By: Martha Garcia | Published: December 30th, 2013
Scientific research continues to highlight the serious impact of concussions, which can be more harmful to the human brain long-term than previously thought. A new study found that patients who experience a concussion and suffer a mild cognitive impairment may face a higher risk of developing Alzheimer’s disease.
Researchers from the Mayo Clinic Study of Aging found older adults with a history of concussion and cognitive impairment had more buildup of Alzheimer’s disease-associated plaques in the brain than patients who also had concussions but no memory problems. The study was published in the journal Neurology online December 26 and will later be published in the January 7 issue of the journal.
More than 5 million American’s are currently diagnosed as having Alzheimer’s disease. It is the most common form of dementia, resulting in memory loss, deterioration of cognitive abilities, and loss of verbal skills. It is considered a terminal disease, where death comes from the many complications it causes due to the inability of the victim to care for themselves.
The study compared nearly 500 patients without any cognitive impairment to 150 patients who experienced mild cognitive impairment, including memory and thinking problems. Both groups of patients experienced concussions at approximately the same proportion. However, those with the concussions and brain problems had a five times higher risk of elevated plaque levels than those without concussion.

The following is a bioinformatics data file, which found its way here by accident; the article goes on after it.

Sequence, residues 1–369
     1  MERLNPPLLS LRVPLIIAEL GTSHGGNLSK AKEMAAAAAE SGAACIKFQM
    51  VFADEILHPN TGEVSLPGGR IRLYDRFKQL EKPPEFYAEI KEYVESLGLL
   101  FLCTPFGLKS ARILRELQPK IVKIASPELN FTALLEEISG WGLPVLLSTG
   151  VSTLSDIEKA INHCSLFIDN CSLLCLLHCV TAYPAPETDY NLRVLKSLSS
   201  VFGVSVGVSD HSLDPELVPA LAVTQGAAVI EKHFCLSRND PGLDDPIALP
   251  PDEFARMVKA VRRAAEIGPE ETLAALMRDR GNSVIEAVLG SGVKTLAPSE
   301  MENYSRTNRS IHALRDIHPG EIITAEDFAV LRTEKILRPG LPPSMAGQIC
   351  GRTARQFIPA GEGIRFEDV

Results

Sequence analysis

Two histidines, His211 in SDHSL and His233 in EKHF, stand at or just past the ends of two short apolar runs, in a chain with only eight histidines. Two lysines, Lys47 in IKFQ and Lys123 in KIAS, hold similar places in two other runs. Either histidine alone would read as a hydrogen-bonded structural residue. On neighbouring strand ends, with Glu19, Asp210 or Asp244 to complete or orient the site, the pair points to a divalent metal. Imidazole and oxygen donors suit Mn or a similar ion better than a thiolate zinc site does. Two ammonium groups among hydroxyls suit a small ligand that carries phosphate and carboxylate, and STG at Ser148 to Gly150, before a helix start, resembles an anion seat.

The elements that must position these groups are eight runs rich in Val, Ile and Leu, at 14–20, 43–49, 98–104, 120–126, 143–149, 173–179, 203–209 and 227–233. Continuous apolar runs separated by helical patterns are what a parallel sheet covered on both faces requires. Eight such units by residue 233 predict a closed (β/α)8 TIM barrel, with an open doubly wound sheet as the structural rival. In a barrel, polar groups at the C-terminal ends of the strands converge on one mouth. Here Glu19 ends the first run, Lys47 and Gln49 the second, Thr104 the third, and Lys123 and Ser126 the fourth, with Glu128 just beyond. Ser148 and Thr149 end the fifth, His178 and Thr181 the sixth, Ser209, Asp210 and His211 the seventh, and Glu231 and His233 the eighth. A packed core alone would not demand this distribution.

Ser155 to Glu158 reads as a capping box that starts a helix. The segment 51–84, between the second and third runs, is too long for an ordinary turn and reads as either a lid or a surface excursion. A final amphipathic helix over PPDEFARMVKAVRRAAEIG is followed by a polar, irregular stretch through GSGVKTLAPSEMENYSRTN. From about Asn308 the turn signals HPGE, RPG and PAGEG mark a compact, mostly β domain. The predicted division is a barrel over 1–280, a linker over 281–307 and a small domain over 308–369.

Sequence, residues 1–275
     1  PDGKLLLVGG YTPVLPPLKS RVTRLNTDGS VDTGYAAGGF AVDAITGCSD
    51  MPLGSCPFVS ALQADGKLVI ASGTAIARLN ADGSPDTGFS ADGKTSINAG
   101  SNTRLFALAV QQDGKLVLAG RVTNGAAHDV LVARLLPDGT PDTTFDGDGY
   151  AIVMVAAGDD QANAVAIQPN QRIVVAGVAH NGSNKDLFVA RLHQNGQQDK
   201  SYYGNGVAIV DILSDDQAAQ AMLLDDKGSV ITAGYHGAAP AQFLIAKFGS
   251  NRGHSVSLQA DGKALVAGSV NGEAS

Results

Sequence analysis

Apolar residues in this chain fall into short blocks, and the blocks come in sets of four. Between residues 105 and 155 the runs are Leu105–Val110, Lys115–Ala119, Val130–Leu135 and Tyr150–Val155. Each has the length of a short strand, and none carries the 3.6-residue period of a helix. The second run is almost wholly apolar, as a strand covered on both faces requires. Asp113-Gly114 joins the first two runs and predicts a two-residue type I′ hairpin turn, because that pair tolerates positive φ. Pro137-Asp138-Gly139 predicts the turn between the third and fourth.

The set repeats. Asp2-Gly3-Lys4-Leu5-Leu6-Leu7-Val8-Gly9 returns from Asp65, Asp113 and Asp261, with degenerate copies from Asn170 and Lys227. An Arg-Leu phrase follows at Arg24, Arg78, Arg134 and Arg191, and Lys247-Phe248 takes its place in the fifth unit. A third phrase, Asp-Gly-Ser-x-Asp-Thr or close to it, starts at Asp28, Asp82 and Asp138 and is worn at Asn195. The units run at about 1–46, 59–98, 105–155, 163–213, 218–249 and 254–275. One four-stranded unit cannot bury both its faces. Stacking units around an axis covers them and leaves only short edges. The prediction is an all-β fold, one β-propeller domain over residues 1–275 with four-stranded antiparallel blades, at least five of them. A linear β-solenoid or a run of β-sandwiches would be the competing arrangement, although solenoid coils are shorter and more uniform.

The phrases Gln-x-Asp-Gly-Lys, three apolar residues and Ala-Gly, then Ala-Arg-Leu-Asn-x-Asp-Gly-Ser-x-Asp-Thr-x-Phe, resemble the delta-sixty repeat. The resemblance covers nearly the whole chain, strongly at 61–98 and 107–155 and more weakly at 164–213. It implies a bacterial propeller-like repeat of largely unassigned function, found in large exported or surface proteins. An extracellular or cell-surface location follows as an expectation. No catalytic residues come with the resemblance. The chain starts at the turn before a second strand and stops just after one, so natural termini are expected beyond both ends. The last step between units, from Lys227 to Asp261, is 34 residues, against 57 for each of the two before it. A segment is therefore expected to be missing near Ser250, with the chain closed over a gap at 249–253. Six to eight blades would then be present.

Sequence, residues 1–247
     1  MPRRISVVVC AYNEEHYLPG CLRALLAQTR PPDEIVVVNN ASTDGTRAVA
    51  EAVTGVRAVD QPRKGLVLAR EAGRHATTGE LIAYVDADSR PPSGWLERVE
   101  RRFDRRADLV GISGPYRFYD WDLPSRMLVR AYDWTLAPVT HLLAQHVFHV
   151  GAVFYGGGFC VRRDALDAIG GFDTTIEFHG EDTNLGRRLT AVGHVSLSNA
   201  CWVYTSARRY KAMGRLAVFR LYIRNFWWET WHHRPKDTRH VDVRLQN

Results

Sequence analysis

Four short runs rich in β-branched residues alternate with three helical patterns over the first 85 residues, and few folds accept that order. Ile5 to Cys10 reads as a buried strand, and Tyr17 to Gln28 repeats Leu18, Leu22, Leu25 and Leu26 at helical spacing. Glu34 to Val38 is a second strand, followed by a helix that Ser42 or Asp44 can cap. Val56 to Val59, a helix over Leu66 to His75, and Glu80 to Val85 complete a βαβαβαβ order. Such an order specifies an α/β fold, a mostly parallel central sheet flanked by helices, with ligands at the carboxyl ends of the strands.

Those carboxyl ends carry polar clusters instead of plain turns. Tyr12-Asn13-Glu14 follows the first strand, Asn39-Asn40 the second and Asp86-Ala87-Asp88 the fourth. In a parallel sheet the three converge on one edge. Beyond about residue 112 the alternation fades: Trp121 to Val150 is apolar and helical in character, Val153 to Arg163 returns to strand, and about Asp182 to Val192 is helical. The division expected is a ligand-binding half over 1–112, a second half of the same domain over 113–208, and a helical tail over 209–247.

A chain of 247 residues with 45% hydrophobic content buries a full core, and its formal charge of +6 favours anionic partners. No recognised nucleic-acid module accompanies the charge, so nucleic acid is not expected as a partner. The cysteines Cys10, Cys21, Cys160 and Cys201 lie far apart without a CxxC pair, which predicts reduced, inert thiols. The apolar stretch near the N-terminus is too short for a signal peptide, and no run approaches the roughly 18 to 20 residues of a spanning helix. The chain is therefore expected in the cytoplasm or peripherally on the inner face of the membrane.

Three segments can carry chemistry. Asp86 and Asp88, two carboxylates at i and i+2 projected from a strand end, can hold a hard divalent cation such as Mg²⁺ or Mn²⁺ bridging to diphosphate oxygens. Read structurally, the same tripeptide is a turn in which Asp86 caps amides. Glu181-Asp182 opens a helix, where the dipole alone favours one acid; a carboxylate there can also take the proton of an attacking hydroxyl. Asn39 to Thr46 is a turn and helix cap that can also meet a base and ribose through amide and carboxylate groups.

The study examined plaque deposits in a group of patients with cognitive impairment and without cognitive impairment who had undergone traumatic brain injury (TBI), or mild concussion, using brain imaging, such as Pittsburgh compound B (PiB)-PET, fluorodeoxyglucose-PET and MRI.
Patients with head trauma had 18% higher amyloid plaque levels than patients without head trauma history.
Amyloid plaques are deposits of a protein fragment known as beta-amyloid which builds up between brains nerve cells. People often develop some plaque as they age, those with Alzheimer’s disease get many more and often in a predictable pattern starting in brain areas crucial for memory.
The research suggests head trauma may be associated with Alzheimer’s disease-related neuropathology. The head trauma in the study was defined as self-reported brain injury with momentary loss of consciousness or memory. However, the findings don’t necessarily indicate a person who suffers a TBI will automatically develop Alzheimer’s.
In the past, research linked severe head trauma to Alzheimer’s disease, but recent research indicates less severe concussions may also be a risk factor for Alzheimer’s. Brain damage, resulting in Alzheimer’s, may even be a risk factor long after all symptoms of concussion have subsided.
The newest research found patients who sustained mild concussions continued to show brain abnormalities more than four months after the event, even after symptoms had completely subsided.